Steps to deliver sustainability in the built environment – COP26

Steps to deliver sustainability in the built environment – COP26

With the 26th UN Climate Change Conference of the Parties (COP26) in Glasgow only 68 days away, the call to get runaway climate change under control has never seen more urgency. Countries are being asked to align with ambitious emissions reductions targets that are designed to secure global net-zero by mid-century and limit global temperature rises to below 1.5 degrees.

For the very first time, the annual conference will dedicate an entire day to the built environment to address carbon emissions from buildings.

Responsible for a whopping 40% of carbon emissions in the UK, the built environment clearly has a major role to play in working towards net-zero. Whilst operational energy use from plug loads, cooking and heating as well as road and rail transport account for the highest carbon impact of the built environment, new construction is a major contributor, especially through building materials and products used.

Sustainable materials must form an integral part of future projects, and the advance in green technologies and solutions means neither quality nor aesthetics have to be compromised. However, sustainability doesn’t just refer to the way a material has been created, ideally with minimal embodied carbon.
Fundamentally, it means the current pattern of producing, using and discarding is transformed into a low emission model that prefers retaining materials by refurbishing or remanufacturing, reducing waste, and recycling.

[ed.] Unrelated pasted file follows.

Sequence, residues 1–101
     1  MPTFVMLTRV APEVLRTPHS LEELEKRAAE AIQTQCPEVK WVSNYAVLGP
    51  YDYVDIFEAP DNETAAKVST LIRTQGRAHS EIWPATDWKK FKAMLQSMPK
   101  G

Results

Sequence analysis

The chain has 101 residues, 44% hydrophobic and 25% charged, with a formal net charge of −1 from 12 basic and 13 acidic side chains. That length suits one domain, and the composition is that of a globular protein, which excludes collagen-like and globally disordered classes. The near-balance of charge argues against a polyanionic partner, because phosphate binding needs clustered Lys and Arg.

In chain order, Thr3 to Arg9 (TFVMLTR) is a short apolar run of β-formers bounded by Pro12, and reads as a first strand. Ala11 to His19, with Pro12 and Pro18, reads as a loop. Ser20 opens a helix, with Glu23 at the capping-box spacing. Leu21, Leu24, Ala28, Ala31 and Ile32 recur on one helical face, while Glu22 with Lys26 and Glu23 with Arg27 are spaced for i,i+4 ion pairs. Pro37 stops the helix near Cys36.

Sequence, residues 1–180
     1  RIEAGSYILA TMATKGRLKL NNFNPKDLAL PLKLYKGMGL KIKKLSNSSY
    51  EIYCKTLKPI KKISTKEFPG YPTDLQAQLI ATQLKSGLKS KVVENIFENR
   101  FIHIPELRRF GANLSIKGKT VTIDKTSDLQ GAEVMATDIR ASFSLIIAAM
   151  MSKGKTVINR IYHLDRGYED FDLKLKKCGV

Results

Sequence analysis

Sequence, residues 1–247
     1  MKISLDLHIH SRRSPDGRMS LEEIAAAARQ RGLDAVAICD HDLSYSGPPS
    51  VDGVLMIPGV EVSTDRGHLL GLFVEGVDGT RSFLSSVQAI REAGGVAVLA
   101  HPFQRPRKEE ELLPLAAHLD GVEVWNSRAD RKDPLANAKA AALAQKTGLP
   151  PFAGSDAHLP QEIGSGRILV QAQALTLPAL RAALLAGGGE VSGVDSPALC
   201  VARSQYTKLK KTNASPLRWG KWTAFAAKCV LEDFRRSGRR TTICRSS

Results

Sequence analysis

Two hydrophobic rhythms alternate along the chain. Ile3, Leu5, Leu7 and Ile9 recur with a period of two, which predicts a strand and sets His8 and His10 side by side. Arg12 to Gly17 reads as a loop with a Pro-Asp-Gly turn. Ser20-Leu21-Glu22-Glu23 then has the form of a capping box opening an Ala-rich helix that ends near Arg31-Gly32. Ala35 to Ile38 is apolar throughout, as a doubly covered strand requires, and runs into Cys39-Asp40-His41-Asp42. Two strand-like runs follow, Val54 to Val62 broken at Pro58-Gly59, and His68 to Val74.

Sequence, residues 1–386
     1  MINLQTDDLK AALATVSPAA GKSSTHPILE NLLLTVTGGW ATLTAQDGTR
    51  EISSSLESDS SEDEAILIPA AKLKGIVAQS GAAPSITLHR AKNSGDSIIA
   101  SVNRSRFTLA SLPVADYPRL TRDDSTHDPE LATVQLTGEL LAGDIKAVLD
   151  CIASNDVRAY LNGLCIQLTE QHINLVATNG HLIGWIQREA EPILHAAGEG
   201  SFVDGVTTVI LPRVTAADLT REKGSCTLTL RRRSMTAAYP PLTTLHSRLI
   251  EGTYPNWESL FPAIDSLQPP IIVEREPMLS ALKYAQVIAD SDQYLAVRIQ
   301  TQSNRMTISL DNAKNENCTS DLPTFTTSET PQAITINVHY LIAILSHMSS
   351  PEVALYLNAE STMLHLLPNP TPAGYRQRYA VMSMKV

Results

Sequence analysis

Plastics are a case in point: It is estimated that 5 million tonnes of plastic are used in the UK every year of which less than 10% is recycled. A significant share of plastic waste is exported to overseas countries where hugely different environmental standards apply. The remainder of plastic waste ends up in UK landfills and, increasingly, incinerators. The main environmental cost of plastic lies in its production with about 4-8% of annual global oil consumption associated with plastics, according to the World Economic Forum. Unless production changes, it is projected that by 2050 plastics will account for 20% of oil consumption and the carbon emissions associated with it.

Thus, the conservation of resources through responsible production, consumption and recycling of materials without incineration or landfilling is the best path to reduce emissions.

Recycled plastic is a highly sustainable material that is made with energy-efficient manufacturing methods without the high environmental cost that new plastic production entails. Moreover, products made from recycled plastic help reduce waste and have a longer lifespan than the same product made from traditional materials. And once the product has reached the end of its life, the plastic can simply be recycled and reused again.

Because sustainability is at the heart of our mission, we offer a range of recycled plastic street furniture products. They are extremely robust, require no ongoing maintenance and will stand the test of time. Most importantly, they are one of the many readily available green solutions we need to help reduce our carbon emissions so the COP26 targets can be met.

COP26 takes place in Glasgow from 31 October to 12 November 2021, for more information visit:


Would you like to know more about our sustainable products?

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UK Green Building Council – “Advancing Net Zero”

“A review on European Union’s strategy for plastics in a circular economy and its impact on food safety”

BBC – “Why plastic waste is an ideal building material”